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June 4, 2023

Thanksgiving’s Bounty

Since Thanksgiving Day 1621, 401 years later there is much for which to be thankful. When sitting down this Thanksgiving, one should take a moment and imagine being by oneself. Then one can imagine the time and effort required to create each thing one uses, eats and enjoys on a single day. 

It’s a time to be thankful, indeed, for all those creating use or beauty that is taken for granted. Oh, what a joy to be thankful.

Thanksgiving is a uniquely North American holiday, starting with the Pilgrims’ Mayflower coming to a New World to create a new life. Self-reliant by necessity, the passengers drafted the Mayflower Compact, a social contract of consensus decision-making, governing creation of a new settlement. 

This was a unique document of self-reliant authority and equality, with rights given to people, not king. This contract laid the foundations of America’s democracy, maturing 200 years later into Massachusetts’ constitution, which pre-dates and served as a model for the U.S. Constitution.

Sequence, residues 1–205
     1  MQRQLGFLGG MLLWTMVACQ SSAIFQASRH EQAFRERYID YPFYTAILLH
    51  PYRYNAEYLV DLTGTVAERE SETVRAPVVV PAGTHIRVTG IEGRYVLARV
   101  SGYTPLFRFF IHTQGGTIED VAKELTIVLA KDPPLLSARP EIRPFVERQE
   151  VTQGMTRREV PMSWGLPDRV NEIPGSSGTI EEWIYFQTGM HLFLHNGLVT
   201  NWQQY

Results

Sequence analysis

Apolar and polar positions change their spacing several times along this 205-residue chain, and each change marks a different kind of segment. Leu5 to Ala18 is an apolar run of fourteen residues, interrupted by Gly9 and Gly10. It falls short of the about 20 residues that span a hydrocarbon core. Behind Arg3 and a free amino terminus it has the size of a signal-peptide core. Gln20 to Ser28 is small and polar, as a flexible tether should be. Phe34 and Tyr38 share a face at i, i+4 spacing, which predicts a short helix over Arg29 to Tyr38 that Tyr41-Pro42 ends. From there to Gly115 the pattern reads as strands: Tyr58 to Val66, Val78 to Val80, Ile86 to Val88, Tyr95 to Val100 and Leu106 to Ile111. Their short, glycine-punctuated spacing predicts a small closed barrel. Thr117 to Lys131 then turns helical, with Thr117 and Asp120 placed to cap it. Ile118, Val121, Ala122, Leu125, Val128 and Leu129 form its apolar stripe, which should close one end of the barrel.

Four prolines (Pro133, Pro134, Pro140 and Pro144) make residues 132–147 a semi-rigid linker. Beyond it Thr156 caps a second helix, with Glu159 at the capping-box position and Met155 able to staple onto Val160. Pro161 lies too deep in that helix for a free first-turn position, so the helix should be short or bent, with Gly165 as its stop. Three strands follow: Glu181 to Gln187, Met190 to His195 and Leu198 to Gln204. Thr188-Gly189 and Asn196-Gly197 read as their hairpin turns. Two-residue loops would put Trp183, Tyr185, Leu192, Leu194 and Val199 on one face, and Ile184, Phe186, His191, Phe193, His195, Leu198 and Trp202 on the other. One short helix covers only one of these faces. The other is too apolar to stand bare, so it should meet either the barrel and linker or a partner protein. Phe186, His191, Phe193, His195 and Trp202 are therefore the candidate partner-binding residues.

Fun facts: The Pilgrims’ Mayflower was a 106’ long, 25’ wide, four-masted square rigger. It carried 102 passengers, 25 crew, animals and provisions. It set sail in July. It turned back twice because its inaptly named companion ship, Speedwell, leaked. 

Shoving off in September, sailing 66 days at sea, one person died, one person was born (Oceanus Hopkins), and one person went overboard and was rescued. Approximately 50 passengers were Pilgrims and 50 were “Strangers.” Strangers were persons with “skills,” accompanying Pilgrims as contracted help. 

Because of this mix and the Mayflower straying off-course, causing a breach of contract resulting in a near mutiny of Strangers, Strangers and Pilgrims drafted and all signed the “Mayflower Compact,” pledging a civil and equal society, before disembarking to start a settlement. Rowing ashore by day, returning to ship at night, lodgings were built. 

In March, the Mayflower crew returned to England. Approximately 50 people died that first winter. Learning from Native Americans, the settlers had a harvest and celebrated Thanksgiving in 1621 with approximately 90 Wampanoags and Massasoits over a three-day feast. 

Thanksgiving was made a national holiday by Abraham Lincoln in 1863.


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